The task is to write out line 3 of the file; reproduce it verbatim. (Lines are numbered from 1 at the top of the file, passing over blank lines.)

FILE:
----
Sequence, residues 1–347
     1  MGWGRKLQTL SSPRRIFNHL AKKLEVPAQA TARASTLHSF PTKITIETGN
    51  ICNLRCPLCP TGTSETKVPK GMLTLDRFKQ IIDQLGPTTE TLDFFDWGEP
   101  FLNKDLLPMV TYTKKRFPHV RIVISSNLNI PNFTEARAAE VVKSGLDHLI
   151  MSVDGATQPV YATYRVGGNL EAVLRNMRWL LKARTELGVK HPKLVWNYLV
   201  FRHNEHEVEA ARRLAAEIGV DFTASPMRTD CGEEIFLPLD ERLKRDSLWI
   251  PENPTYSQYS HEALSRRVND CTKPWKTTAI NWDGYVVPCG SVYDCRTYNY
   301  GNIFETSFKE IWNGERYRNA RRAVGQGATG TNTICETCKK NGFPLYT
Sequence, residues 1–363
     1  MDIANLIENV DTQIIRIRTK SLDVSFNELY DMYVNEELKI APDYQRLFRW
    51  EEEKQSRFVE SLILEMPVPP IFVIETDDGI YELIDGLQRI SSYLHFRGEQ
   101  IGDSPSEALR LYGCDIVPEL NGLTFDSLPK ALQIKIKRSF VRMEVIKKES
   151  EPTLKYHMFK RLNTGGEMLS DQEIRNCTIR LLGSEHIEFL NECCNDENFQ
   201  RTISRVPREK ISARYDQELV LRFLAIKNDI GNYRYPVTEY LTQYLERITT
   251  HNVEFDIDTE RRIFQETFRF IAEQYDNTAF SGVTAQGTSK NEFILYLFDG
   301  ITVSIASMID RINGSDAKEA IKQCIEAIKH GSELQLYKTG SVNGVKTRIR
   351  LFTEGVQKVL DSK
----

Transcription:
    51  ICNLRCPLCP TGTSETKVPK GMLTLDRFKQ IIDQLGPTTE TLDFFDWGEP